The PMW3360 optical sensor will let you choose between 400, 800, 1,600, and 3,200DPI stages, which pretty much covers most of the more popular preferences. The mouse is completely driver-less, that is to say, there is no driver available at all even if you wanted one. That's pretty much par for the course with Zowie mice, and I don't mind it too much. However, those of you used to the customizations available on Logitech and Razer mice might find a bone to pick here. Zowie's reasoning is that pro players don't want to have to fiddle with driver settings at tournaments, but then plenty of mice today already come with onboard memory, so it might actually be time for the company to start considering a different approach.
The DPI toggle button is located at the bottom in order to avoid accidental presses, and there's also a helpful color-coded indicator so you can see what sensitivity stage you're on. You'll also find a convenient button to adjust the polling rate at the bottom, something which was noticeably absent on the ZA series (you had to hold down select buttons while reconnecting the mouse to change the polling rate).
Despite the lack of any driver software however, the lift-off distance (LOD) is still adjustable. It's a bit clunky though, and you'll need to hold down the following button combinations while reconnecting the mouse to change it:
I had no issues with the default LOD setting, and it was roughly around 2mm or so. Tracking with the sensor was flawless as well, which is expected given the excellent PMW3360 sensor. You won't notice any problems with jitter, acceleration, or correction, and I was unable to make the mouse spin out either.
I think we're at the point where the vast majority of mice today already have flawless sensors, so it's become more or less a non-issue when deciding which mouse to buy. Instead, things like shape, build quality, and design matter more, which may be why we're suddenly seeing a sudden interest in ultra-lightweight mice like the Razer Viper, Glorious Model O, and Finalmouse Ultralight 2.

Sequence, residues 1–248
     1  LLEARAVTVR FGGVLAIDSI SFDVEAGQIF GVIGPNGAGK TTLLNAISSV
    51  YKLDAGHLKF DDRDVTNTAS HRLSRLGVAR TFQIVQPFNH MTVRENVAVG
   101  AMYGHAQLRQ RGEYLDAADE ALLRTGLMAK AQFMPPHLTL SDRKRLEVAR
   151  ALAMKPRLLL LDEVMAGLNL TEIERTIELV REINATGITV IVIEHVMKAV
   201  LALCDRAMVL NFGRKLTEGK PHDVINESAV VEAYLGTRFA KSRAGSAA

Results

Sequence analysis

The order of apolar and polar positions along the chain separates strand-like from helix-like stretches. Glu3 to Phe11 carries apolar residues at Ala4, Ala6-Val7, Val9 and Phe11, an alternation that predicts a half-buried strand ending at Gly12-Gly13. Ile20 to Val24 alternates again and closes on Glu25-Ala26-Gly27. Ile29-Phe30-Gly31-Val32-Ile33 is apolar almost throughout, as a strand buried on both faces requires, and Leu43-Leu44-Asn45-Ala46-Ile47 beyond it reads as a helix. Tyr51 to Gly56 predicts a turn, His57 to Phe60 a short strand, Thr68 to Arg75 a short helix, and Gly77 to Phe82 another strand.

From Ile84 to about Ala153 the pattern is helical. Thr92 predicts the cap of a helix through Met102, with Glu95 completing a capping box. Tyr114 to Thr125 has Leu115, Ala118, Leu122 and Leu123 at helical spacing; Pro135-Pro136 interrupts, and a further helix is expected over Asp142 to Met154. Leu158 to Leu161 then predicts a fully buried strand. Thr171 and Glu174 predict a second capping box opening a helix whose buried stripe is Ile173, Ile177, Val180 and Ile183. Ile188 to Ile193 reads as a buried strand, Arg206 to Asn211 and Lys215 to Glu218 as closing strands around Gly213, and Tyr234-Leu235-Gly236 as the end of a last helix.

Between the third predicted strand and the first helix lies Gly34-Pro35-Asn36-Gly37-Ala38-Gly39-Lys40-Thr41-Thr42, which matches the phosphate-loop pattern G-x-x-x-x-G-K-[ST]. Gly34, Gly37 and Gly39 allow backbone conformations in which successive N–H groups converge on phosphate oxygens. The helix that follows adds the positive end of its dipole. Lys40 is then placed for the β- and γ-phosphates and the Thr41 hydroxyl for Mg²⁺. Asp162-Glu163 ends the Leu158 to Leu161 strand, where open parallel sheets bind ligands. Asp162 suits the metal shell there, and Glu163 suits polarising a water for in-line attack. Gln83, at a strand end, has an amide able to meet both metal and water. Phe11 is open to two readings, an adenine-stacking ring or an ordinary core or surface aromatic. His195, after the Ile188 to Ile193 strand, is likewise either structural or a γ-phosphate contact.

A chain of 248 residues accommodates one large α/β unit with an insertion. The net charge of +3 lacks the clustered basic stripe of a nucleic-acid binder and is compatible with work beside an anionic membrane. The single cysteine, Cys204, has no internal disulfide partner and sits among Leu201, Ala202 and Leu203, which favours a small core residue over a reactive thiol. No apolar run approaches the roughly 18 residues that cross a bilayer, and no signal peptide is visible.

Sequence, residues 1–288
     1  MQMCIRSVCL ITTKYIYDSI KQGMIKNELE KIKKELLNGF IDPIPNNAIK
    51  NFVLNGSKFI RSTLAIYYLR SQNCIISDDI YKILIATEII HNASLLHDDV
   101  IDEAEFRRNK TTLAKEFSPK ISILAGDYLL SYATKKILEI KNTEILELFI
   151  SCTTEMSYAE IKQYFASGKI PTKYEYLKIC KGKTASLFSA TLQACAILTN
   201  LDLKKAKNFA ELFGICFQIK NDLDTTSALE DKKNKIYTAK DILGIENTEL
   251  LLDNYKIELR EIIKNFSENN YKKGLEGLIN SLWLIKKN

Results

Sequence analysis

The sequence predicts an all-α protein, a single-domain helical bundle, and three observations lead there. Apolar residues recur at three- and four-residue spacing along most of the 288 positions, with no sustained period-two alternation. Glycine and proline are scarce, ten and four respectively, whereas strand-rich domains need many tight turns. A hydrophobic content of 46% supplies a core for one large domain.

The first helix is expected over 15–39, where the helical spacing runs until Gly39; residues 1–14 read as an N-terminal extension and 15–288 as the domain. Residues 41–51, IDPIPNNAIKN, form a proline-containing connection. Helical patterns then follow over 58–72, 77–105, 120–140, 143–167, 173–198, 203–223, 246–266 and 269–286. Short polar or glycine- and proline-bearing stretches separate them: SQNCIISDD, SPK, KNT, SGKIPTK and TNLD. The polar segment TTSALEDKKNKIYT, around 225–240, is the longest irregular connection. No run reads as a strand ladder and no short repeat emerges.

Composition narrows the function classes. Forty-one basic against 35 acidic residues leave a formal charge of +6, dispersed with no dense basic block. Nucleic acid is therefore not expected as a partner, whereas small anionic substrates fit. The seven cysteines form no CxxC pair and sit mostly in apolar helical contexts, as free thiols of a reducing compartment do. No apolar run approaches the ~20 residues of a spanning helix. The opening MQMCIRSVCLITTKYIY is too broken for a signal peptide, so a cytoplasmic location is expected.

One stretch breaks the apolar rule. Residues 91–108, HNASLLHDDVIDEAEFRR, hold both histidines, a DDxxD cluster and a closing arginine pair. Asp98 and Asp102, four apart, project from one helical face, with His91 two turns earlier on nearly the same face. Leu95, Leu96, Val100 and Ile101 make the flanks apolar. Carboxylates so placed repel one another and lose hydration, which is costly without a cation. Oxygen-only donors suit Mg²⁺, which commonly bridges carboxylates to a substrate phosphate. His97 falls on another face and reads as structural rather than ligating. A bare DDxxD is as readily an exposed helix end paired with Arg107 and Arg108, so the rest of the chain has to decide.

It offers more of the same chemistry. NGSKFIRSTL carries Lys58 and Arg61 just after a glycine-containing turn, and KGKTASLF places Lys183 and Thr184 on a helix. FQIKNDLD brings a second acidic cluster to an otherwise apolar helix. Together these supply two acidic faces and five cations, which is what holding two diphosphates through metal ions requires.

The S2 supposedly uses a newer mould, which I've been told gives it a more solid feel compared to older Zowie mice. The difference with the newer ZA series is less obvious, but compared to the FK and the EC series, the side buttons feel a lot more crisp and are far better to use. Build quality isn't amazing, but it's certainly good enough and this feels like a solid product. But like previous Zowie mice, the mouse switches aren't separate from the shell, which I find to be a slightly inferior approach in terms of having a consistent feel for your clicks and durability.
Zowie has also stuck to its signature Huano switches on the S2, which are typically stiffer than the Omron switches used on most mice. They provide more tactile feedback, but it's very much a matter of personal preference whether you like them or not. That said, I definitely prefer them to some of the lighter switches on older Razer mice and I appreciate the greater resistance, especially in FPS games where burst firing is important to recoil control.
When it comes to the scroll wheel though, it seems like Zowie still has a lot to fix. The 16-step scroll wheel has more clearly defined notches than the one on the ZA13, but it's still a terrible mess that protests loudly even when you're moving it slowly. And if you're scrolling rapidly through something, well, let's just say this is one mouse that literally squeaks.
At S$129, the S2, unfortunately, feels a little pricey for what it offers. The Razer Viper is even cheaper at S$124.90, and I already thought that was expensive compared to the S$99 Glorious Model O. It just seems like this mouse should cost around S$50 less to really be competitive, and it's lacking a lot of what its cheaper and more fully-featured competitors offer, like driver customizations, RGB lighting, an ultralight build, and even just a better scroll wheel.
I can't deny that the S2 has a great shape though, and I really like Zowie's approach toward creating different sizes for each model. However, Glorious is also doing that with the Model O and the smaller Model O-, so Zowie really needs to do more to keep up.